Figure 3 for the Saanen breed and Additional file 7: Figure S4 for the Alpine breed present the heritabilities estimates for test days with the \({\text{leg}}4\) model throughout the lactation period for all five traits and show the same within-breed patterns for the three yield traits. The highest heritability estimated for milk yield was 0.26 in both breeds, and was reached on ~ DIM 175 and ~ DIM 125 for the Saanen and Alpine breeds, respectively. For component yield traits in the Alpine breed, the highest heritability of 0.23 was reached on ~ DIM 125, similar to that for milk yield. For component yield traits in the Saanen breed, the estimated heritabilities were highest, i.e. 0.27 on ~ DIM 157 for fat yield and ~ DIM 211 for protein yield. For protein and fat contents, the evolution of the heritabilities throughout the DIM period followed the same pattern in both breeds but values were higher in the Alpine breed i.e. 0.45 and 0.57, respectively for fat and protein content on ~ DIM 150 versus 0.38 for fat content on ~ DIM 106 and 0.51 for protein content on ~ DIM 150 in the Saanen breed.

### Genetic correlations between DIM from different models

In order to compare the genetic correlations between periods obtained with the MT model and the genetic correlations between DIM obtained with the different RRM models, we selected the median day for each period of the MT model. Figure 4 and Additional file 8: Figure S5 show the genetic correlations of milk yield and protein content, respectively, at DIM 111 (i.e. the middle of the third period) with those at other DIM in the Saanen breed with the same models as those used for Fig. 2. The results are similar for both breeds. With model \({\text{leg}}0\), which assumes a constant genetic effect throughout lactation, the genetic correlation is equal to 1 between all DIM. This is also implicitly the case for the LACT model, which gives a global EBV for the whole lactation assuming a correlation of 1 between all DIM. The most similar genetic correlations are those estimated with the \({\text{leg}}4\) and MT models. As observed earlier with BIC, \({\text{leg}}4\) was the best model among all RRM. For all traits, the genetic correlations between any two periods estimated with the MT and RRM models were positive. The lowest correlation i.e. 0.44 was found with the MT model for milk yield in the Alpine breed between periods 1 and 6. The genetic correlations between DIM from the RRM* were fairly aligned to the pattern from the best full-rank model (\({\text{leg}}4\)) for all traits and both breeds.

Additional file 9: Figure S6 and Additional file 10: Figure S7 show the genetic correlations, estimated with the leg4 model, for all production traits between TD at DIM 40, which corresponds to the DIM at lactation peak, and at the other DIM, in both the Saanen and Alpine breeds. Genetic correlations for milk yield between the peak and the end of lactation were positive, i.e. ~ 0.5 in the Saanen and ~ 0.4 in the Alpine breed. In the Alpine breed, daily genetic correlations for fat and protein contents were higher (e.g. a correlation of ~ 0.7 for protein content between DIM 40 and at the end of lactation) than those for yield traits (e.g. a correlation of ~ 0.4 for milk yield between DIM 40 and at the end of lactation). For each trait, the genetic correlations between DIM were higher in the Saanen than the Alpine breed (e.g. correlations of ~ 0.4 (Alpine) and ~ 0.5 (Saanen) for milk yield between DIM 40 and end of lactation).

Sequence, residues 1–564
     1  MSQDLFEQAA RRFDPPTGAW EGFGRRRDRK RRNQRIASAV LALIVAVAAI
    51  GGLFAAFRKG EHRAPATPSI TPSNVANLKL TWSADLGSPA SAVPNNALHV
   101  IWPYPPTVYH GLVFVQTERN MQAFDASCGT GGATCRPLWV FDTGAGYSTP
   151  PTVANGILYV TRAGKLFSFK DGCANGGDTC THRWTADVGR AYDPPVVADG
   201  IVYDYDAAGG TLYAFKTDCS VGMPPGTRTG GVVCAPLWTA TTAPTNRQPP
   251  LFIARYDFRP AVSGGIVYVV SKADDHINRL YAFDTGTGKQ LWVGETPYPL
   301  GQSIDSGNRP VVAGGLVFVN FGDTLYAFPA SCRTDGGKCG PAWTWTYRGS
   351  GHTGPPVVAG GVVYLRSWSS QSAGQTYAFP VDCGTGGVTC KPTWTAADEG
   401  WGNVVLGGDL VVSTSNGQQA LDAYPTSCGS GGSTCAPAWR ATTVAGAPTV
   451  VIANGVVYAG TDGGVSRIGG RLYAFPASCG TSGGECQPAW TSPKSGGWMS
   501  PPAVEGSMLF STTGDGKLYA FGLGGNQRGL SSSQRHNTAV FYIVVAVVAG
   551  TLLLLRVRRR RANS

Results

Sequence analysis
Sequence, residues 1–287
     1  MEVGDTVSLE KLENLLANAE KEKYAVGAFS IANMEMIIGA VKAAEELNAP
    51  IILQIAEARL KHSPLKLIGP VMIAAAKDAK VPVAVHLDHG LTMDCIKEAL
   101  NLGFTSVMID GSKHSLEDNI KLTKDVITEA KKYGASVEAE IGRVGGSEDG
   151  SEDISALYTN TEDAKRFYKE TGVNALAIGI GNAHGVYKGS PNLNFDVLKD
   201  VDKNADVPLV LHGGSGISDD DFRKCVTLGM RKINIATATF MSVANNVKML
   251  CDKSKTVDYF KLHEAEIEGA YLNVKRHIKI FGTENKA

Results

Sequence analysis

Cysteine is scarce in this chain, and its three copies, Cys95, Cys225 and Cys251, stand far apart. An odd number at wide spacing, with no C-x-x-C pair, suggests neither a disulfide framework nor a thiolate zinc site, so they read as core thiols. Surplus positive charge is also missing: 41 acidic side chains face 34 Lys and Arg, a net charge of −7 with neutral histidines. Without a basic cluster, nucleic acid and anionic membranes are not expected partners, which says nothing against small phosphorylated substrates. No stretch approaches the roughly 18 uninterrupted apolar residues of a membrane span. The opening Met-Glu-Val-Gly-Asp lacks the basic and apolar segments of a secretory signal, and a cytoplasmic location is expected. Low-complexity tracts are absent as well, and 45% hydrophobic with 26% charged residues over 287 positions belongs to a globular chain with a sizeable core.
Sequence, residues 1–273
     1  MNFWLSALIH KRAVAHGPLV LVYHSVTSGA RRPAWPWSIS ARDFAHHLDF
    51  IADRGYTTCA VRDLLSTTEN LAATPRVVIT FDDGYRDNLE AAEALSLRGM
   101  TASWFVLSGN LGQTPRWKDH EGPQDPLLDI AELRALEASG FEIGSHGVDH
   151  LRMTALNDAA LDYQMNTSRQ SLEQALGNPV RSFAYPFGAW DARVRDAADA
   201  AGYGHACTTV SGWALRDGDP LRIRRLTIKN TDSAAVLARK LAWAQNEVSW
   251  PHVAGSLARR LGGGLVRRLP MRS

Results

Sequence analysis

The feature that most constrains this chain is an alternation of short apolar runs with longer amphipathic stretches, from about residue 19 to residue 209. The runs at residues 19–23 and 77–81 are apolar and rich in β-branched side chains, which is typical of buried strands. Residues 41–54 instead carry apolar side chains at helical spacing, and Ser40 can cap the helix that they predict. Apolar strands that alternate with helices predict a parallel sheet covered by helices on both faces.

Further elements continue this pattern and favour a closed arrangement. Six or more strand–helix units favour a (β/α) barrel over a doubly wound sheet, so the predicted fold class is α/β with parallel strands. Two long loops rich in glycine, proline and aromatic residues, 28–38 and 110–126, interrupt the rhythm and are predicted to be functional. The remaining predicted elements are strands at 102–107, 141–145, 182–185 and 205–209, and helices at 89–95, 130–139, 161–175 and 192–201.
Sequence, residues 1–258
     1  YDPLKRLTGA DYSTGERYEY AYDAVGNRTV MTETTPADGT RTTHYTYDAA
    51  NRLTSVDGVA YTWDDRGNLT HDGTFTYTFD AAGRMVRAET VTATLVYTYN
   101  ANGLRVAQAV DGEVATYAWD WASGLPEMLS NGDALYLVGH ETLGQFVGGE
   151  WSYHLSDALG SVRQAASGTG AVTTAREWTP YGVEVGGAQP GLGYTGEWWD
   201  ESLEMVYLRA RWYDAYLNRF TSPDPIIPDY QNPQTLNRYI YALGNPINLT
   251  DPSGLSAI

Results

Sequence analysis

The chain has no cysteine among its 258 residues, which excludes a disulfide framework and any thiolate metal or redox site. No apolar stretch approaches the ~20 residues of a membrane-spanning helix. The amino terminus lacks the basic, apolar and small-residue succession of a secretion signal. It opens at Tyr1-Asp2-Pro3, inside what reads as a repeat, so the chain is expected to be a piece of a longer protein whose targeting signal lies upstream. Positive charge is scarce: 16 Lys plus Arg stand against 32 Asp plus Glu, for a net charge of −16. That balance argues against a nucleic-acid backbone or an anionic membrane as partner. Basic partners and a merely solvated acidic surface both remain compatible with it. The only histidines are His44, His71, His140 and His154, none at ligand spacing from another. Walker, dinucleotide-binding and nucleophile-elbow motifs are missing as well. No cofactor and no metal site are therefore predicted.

### Correlations between EBV for level of production and persistency

#### Within-trait

Table 3 presents the correlations between EBV for milk yield of bucks that were sires of the phenotyped goats (379 in Alpine and 324 in Saanen) in Saanen under the \({\text{leg}}1\), \({\text{leg}}4\) and \({\text{leg}}4{\text{R}}2\) models.

We were able to evaluate the level of milk produced throughout lactation using the \({\text{LACT}}\) model, or by considering the \({\text{SUM}}\_{\text{leg}}x\) and \({\text{SUM}}\_{\text{leg}}4{\text{R}}2\) values, or the first coefficient of RRM (\({\text{a}}_{0}\)) or RRM* (\({\text{b}}_{1}\)). Correlations between these values reached a value of at least 0.99 for milk yield (Table 3) and all other traits, confirming that they characterize the same trait.

For the study of persistency, the \({\text{leg}}0\) and \({\text{LACT}}\) models were unsuitable because the resulting EBV were not DIM-dependent. Persistency could be evaluated by considering the \({\text{PERS}}\_{\text{leg}}4\) value, or the second coefficient of RRM (\({\text{a}}_{1}\)) and RRM* (\({\text{b}}_{2}\)). A correlation close to 1 was found between the \({\text{a}}_{1}\) coefficient of \({\text{leg}}4\) and \({\text{PERS}}\_{\text{leg}}4\) for milk yield in the Saanen breed. The correlation between \({\text{b}}_{2}\) and \({\text{PERS}}\_{\text{leg}}4\) was 0.98 for milk yield and 0.88 for protein yield.

The correlation between \({\text{SUM}}\_{\text{leg}}4\) and \({\text{PERS}}\_{\text{leg}}4\) was low for milk yield (i.e. 0.15, see Table 3) in Saanen and close to 0 in Alpine, but higher for protein content in both breeds (0.45 in Saanen and 0.58 in Alpine) (results not shown). The correlations between \({\text{a}}_{0}\) and \({\text{a}}_{1}\) from \({\text{leg}}1\) and \({\text{leg}}4\) were equal to 0.44, whereas those between \({\text{b}}_{1} \_{\text{leg}}4{\text{R}}2\) and \({\text{b}}_{2} \_{\text{leg}}4{\text{R}}2\) were equal to 0.01. The aim is to have a low genetic correlation between the level and the persistency because it allows selection of animals with a desired persistency throughout the lactation without changing the net-total lactation output.

#### Correlations between milk yield and other production traits

Table 4 reports the correlations between EBV of \({\text{SUM}}\_{\text{leg}}4\) (i.e. milk production level) and \({\text{PERS}}\_{\text{leg}}4\) (i.e. persistency) for milk yield and of \({\text{SUM}}\_{\text{leg}}4\) and \({\text{PERS}}\_{\text{leg}}4\) for the other traits for Saanen and Alpine bucks.